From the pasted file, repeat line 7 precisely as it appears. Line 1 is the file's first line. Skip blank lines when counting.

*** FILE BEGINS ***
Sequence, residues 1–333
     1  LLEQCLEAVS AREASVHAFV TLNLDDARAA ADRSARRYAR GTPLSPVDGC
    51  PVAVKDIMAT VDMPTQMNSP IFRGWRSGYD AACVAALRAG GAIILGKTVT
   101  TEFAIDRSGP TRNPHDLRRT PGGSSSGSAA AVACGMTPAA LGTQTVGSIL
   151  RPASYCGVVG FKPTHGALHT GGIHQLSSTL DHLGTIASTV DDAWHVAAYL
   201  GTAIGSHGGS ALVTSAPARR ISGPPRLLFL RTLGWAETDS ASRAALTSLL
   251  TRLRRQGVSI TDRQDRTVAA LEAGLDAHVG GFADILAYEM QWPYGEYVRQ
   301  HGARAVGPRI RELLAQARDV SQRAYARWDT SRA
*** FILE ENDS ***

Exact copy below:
   251  TRLRRQGVSI TDRQDRTVAA LEAGLDAHVG GFADILAYEM QWPYGEYVRQ